Cornelia and Fabio dropped us at our hotel, Duc Berthold, 5 Rue Des Bouchers. Victor Almieri, the proprietor was on hand to greet us. Off the tiny lobby is the popular hotel restaurant in which Victor takes great pride. The tiny elevator suffers the same need of renovation, as do the corridors and the rooms. The highlight of our room was that it was on the river side with excellent views from our little balcony. The hotel is well located at the foot of the Pont Zaehringen with easy access to the new and historical old town.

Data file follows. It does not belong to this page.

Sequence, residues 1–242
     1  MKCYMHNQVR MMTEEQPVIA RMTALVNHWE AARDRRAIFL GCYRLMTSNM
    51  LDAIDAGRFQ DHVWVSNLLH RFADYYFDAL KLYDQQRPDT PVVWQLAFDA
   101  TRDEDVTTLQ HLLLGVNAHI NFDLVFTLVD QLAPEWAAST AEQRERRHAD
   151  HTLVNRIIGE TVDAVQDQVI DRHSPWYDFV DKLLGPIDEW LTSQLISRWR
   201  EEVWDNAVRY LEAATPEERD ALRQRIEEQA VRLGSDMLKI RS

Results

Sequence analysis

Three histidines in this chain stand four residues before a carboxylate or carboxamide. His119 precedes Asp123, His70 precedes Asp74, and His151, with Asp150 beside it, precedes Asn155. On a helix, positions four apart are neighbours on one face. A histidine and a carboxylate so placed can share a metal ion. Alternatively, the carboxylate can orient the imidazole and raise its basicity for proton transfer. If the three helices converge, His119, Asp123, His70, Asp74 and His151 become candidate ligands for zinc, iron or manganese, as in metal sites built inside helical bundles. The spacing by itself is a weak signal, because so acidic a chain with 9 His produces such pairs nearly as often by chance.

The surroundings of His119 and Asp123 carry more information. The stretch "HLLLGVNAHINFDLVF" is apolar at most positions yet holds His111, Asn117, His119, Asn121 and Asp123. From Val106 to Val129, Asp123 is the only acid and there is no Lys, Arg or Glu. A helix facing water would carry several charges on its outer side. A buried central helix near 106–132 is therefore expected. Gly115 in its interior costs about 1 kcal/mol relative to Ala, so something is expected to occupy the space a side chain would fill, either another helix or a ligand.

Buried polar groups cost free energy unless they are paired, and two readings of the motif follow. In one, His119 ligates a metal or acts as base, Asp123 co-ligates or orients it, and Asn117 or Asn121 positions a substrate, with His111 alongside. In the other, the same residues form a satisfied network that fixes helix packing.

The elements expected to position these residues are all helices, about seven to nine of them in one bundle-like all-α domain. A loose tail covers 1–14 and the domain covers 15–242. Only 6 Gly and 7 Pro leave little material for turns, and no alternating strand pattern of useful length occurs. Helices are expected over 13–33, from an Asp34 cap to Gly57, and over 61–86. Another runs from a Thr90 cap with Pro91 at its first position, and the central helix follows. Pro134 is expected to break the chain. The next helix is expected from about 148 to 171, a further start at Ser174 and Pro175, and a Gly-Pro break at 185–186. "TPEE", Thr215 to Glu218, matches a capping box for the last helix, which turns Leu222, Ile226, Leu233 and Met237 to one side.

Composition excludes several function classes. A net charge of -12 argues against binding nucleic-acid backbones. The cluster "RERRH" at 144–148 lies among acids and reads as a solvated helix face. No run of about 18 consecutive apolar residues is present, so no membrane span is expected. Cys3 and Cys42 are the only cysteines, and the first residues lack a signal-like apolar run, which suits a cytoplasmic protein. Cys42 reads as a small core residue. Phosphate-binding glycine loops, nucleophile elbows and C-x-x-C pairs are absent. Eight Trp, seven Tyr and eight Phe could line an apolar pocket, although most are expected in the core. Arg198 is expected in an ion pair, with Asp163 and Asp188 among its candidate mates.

The Sarine River curls through the town with ancient bridges connecting the various parts. The area of the old town, classified a historical monument, is Switzerland's largest medieval entirety. The two major architectural beauties are the St. Nicholas Cathedral and the Old Town Hall. We descended the stairway near the Town Hall to the historical old town and were enraptured by the remarkably preserved late Gothic and baroque style bourgeois houses that greeted us. It was like a separate little world down there, a delightful neighborhood locked into another era. The picturesque streets and squares led us to old bridges crossing the Sarine. Regular bus routes and a funicular make the way to the upper town less challenging than climbing up the stairs to the top.